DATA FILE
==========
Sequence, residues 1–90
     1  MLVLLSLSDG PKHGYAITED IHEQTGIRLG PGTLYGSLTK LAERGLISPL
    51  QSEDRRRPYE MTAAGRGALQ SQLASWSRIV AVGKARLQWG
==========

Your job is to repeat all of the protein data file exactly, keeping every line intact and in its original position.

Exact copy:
Sequence, residues 1–90
     1  MLVLLSLSDG PKHGYAITED IHEQTGIRLG PGTLYGSLTK LAERGLISPL
    51  QSEDRRRPYE MTAAGRGALQ SQLASWSRIV AVGKARLQWG